Dylan Thomas notebooks arrive in Wales from US
Rare notebooks and manuscripts belonging to poet Dylan Thomas have arrived at the National Library of Wales on loan from the United States.
The documents will form part of an exhibition marking the centenary of Swansea-born Thomas's birth.
They are on loan from the University at Buffalo libraries poetry collection, part of the State University of New York.
Thomas died during a trip to New York in November 1953.
The notebooks and manuscripts were personally escorted by a courier to the National Library in Aberystwyth on their journey across the Atlantic.
They include four poetry notebooks written between 1930 and 1934 and his red prose notebook from that time.
The loan also includes a list of rhyming words, a self-portrait Thomas had doodled on a letter to the novelist and playwright Pamela Hansford Johnson, and a crossword on the back of a carbon copy of his poem Fern Hill.
The items shed light on his writing process and also his playful side, says the National Library.
They are accompanied by a series of black and white photographs of Thomas, many of which have not been widely displayed or reproduced before.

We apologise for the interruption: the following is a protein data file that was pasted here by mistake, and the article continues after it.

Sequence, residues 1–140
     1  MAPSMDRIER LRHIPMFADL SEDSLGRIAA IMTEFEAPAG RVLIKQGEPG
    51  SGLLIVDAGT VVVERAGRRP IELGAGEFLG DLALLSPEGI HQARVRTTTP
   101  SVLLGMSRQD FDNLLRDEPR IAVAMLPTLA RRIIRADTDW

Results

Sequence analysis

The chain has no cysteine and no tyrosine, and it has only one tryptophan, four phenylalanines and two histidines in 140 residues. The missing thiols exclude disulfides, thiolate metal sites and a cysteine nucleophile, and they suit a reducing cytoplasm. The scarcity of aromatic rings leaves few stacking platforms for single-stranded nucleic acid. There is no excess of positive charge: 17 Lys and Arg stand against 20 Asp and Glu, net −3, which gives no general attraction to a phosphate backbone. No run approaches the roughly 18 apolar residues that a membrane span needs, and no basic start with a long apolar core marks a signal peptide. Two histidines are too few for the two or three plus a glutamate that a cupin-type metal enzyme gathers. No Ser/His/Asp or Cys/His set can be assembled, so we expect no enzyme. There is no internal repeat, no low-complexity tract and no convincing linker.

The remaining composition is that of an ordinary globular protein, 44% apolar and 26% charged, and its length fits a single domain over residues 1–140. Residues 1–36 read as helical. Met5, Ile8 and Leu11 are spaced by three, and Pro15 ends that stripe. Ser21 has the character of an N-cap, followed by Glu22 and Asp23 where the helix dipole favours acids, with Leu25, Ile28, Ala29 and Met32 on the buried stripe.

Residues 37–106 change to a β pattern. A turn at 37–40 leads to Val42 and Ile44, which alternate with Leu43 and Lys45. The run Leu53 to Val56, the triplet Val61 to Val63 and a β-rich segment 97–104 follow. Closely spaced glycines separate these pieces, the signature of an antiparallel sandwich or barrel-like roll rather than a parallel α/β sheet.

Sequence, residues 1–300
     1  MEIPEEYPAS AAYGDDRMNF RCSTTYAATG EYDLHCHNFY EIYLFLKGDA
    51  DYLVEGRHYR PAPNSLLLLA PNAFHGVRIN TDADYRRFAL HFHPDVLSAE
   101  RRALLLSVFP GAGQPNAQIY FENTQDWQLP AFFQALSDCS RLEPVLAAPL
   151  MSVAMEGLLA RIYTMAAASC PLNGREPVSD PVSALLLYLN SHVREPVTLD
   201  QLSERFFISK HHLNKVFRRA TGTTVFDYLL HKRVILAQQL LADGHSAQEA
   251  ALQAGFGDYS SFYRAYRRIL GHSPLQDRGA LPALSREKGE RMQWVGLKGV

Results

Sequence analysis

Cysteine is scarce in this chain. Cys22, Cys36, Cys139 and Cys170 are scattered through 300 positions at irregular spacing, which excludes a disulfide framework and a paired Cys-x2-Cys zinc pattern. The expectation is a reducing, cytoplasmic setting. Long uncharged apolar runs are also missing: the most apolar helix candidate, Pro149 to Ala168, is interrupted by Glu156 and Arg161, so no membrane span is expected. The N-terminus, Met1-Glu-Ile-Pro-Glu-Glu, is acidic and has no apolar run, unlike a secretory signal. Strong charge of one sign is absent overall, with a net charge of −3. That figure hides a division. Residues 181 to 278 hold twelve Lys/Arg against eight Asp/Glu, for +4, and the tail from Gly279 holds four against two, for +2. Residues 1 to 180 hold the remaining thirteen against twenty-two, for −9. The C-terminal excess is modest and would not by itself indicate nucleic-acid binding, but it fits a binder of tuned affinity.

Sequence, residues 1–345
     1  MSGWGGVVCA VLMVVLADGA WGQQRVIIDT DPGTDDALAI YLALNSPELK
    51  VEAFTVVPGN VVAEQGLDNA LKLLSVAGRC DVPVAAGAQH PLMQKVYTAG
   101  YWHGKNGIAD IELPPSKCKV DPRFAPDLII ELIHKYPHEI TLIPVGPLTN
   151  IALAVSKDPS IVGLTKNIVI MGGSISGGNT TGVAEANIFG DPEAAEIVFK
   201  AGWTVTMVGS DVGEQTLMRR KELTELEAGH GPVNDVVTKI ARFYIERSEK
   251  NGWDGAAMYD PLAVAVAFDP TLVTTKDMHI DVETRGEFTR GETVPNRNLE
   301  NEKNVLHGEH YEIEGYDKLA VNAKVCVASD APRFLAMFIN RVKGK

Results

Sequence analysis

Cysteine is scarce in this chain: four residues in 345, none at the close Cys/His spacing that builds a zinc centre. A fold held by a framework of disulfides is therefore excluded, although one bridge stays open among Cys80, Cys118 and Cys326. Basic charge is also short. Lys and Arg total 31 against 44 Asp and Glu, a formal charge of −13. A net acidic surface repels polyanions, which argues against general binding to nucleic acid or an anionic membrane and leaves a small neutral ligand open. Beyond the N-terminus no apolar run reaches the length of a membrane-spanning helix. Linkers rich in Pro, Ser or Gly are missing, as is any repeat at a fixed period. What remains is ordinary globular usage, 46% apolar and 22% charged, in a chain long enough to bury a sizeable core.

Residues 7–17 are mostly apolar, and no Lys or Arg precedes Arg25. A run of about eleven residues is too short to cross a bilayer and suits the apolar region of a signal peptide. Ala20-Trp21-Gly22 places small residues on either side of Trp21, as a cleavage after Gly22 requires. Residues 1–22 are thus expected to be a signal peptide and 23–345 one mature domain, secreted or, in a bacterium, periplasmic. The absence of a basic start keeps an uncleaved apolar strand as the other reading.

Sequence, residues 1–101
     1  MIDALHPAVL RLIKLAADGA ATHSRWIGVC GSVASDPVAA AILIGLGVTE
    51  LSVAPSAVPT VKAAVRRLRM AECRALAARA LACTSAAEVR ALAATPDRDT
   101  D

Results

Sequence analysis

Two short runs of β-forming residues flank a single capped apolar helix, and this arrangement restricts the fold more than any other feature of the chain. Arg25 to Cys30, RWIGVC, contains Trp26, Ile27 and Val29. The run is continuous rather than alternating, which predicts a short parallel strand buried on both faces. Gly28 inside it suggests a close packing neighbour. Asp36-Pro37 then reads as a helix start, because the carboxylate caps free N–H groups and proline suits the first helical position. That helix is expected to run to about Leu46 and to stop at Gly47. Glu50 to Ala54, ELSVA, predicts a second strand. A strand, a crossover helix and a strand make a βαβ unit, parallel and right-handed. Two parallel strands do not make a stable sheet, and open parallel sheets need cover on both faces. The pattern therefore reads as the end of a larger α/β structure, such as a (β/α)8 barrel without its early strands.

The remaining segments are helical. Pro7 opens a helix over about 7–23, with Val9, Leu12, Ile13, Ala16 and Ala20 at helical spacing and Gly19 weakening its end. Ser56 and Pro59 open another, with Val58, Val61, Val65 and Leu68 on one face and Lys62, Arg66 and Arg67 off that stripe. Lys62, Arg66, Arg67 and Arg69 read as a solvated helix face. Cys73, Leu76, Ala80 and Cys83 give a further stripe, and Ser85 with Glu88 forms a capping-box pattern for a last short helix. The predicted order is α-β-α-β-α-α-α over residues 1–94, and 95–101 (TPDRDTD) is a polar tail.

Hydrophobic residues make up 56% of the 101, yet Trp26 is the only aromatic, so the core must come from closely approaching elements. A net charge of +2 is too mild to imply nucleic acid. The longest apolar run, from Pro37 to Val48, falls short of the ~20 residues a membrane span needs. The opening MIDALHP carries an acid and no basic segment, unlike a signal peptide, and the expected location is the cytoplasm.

Some date from the late 1930s when he was newly married, while others were taken in New York in the early 1950s.
Library chief executive Aled Gruffydd Jones said: "We are thrilled that we have been able to welcome these items back to Wales for the centenary celebrations.
"The library is proud to be the major repository and research centre for Dylan Thomas material and this loan is the final piece of the jigsaw in giving visitors an insight into Dylan's early life and writing processes."
"This collection draws scholars and fans from around the world who drive hundreds of miles to stand in the presence of this material. Dylan has this kind of aura," said Michael Basinski, curator of the poetry collection at the University at Buffalo.
Two exhibitions about Thomas's life are being staged for his centenary - at the Dylan Thomas Centre in Swansea from 31 May and at the National Library from 28 June.
Nick Bradley, Swansea council's cabinet member for regeneration, said: "It's excellent news that we're able to work in such close partnership with the National Library of Wales to bring artefacts of such historic and cultural value back to Wales and, of course, to Swansea, Dylan's birthplace."